Balut Island (Volcano)
Balut Island (Volcano)
Balut Island, also known as Malulong, is a potentially active volcanic island south of the tip of Davao Occidental province in the Mindanao region, Southern Philippines. Located in the center of the island is the Balut Volcano, a fumarolic volcano with no historical eruptions.
The island of Balut is located about 13 km (8.1 mi) from mainland Mindanao, separated by the Sarangani Strait. Balut, Sarangani and Olanivan Islands make up the island group known as the Sarangani Islands. The group comprises the Municipality of Sarangani of Davao Occidental. Mabila on Balut Island is the town's center for commerce and the local government.
Balut Island, the westernmost of the Sarangani Islands, is the larger, higher, and better cultivated than Sarangani Island. In the center of the island is Balut Volcano, which is fumarolic on occasion. Balut Island rises to about 1,800 metres (5,900 ft) from the seabed with the highest elevation at 862 metres (2,828 ft) above mean sea level. Base diameter of the island is 8 kilometres (5.0 mi).
If seen from the northwest, it appears between two peaks. Northeast is another peak of Balut, southwest of the peak is the Langab volcano. In the southeast part of the island is Ten Seventy Hill with an elevation of 1,083 feet (330 m).
The north and east coasts are bordered by a reef, which in some places extends out over 1 mile, while on the south and west sides the fringing reef does not extend out to any distance. Off the southwest point is a rock island called Manamil Island with an elevation of 40 feet (12 m). Lajan Point, the northeast point of the island, is low and covered by mangroves.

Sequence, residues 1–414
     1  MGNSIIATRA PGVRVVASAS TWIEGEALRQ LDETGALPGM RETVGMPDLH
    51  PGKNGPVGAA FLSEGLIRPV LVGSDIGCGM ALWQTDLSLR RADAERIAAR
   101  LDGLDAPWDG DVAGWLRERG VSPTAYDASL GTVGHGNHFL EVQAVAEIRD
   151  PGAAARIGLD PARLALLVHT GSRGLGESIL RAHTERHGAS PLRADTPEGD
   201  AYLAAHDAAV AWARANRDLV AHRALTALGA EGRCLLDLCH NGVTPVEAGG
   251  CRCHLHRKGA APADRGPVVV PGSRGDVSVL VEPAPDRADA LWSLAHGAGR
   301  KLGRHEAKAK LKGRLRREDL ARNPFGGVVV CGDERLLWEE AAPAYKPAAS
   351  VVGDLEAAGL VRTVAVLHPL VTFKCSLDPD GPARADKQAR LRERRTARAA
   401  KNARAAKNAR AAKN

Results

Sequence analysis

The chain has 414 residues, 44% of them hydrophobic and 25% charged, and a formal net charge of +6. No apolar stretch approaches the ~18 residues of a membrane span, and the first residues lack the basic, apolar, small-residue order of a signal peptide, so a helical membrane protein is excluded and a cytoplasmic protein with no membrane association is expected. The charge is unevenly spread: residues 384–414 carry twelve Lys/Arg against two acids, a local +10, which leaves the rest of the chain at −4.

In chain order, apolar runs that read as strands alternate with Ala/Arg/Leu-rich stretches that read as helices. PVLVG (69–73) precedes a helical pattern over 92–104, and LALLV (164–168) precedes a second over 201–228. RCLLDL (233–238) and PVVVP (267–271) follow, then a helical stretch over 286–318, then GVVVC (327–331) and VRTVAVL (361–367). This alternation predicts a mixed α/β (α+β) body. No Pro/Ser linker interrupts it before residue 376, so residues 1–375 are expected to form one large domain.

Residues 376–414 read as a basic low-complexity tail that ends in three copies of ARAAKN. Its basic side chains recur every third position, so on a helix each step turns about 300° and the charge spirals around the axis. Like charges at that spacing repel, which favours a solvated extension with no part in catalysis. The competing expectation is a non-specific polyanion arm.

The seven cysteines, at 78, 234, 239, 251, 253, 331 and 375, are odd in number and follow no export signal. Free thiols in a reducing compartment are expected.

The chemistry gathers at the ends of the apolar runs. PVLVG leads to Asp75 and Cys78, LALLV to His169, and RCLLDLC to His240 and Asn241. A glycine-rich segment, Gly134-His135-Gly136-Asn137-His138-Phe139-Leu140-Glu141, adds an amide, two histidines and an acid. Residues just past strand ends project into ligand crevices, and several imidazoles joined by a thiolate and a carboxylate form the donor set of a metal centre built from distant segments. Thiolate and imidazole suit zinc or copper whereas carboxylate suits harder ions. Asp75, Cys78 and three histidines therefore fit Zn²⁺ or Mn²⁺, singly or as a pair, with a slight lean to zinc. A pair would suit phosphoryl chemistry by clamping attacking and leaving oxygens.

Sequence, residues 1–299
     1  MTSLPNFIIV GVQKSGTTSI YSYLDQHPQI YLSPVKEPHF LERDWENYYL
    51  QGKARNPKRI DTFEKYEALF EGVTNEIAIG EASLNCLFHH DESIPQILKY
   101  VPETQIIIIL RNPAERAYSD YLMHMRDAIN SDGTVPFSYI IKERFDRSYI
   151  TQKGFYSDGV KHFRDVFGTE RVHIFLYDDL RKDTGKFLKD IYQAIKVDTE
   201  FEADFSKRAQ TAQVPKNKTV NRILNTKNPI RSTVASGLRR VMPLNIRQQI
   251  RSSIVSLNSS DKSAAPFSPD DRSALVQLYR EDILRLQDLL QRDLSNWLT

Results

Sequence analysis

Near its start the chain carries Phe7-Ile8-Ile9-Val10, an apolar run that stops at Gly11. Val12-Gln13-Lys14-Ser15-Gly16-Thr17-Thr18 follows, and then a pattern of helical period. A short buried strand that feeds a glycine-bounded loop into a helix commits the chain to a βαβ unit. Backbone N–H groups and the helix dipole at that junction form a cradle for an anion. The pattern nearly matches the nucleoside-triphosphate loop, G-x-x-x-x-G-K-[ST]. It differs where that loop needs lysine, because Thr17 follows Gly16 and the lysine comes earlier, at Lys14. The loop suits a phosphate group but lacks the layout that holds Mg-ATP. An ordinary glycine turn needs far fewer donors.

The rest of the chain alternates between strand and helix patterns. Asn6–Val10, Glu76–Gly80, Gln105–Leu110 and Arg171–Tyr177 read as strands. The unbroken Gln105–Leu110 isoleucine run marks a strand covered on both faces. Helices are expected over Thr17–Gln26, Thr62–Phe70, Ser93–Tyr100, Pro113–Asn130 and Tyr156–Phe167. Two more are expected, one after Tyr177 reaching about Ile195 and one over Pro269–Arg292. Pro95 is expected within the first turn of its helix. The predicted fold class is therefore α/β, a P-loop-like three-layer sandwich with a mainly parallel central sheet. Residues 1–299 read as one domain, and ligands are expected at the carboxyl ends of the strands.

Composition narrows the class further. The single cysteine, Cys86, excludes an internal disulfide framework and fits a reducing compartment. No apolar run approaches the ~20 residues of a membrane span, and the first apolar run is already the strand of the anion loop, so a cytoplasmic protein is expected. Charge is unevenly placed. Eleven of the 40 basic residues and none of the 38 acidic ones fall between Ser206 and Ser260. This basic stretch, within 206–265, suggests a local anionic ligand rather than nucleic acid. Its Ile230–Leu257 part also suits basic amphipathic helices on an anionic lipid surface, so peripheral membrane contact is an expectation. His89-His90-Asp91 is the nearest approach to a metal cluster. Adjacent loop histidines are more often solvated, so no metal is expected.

South of the Lajan Point is Mabila, which is the poblacion or town center of the Municipality of Sarangani. The Port of Mabila is the main port of entry to the island and the gateway to the rest of the municipality.
There are no reports of eruptions in historical times. The January 4, 1641 eruption that enveloped most of Mindanao in darkness was falsely attributed to Balut Volcano, as well as other volcanoes in the Philippines. Later studies proved that the eruption came from Mount Parker, 80 kilometres (50 mi) NW of Balut Island.
Rock type on the volcano is predominantly basalt and andesite. Balut is part of the Central Mindanao Arc, an area of frequent earthquakes and volcanic activity. All volcanoes in the Philippines are part of the Pacific ring of fire. Like most volcanoes in southern Philippines, Balut Volcano is little studied scientifically.
Being among the southernmost islands in the Philippines, it is possible at this location to see both the North Star and the Magellanic Clouds at the same time. Polaris is very low in the northern sky at about 5° altitude (the length of your thumb with an outstretched arm). The Southern Cross is also visible and its vertical bar points almost directly at the South Cardinal Point. Being near the equator, the sun is often very high in the sky. At a latitude of 5° 24', the sun passes directly overhead at noon time about April 3 and September 8 of each year, causing zero-length shadows. This phenomenon is not possible in high-latitude areas.
Astronomers from PAGASA set up on the island to observe the December 26, 2019 Annular Solar Eclipse. Balut Island, Sarangani Island, and Olanivan Island are the only places in the Philippines where the annularity was visible. Other parts of the Philippines only experienced a partial solar eclipse. The eclipse had a magnitude of 97.2% in Balut Island, 97.1% in Sarangani Island, and 96.8% in Olanivan Island. According to their local folklore, eclipses are caused by a dragon named Bakunawa devouring the sun.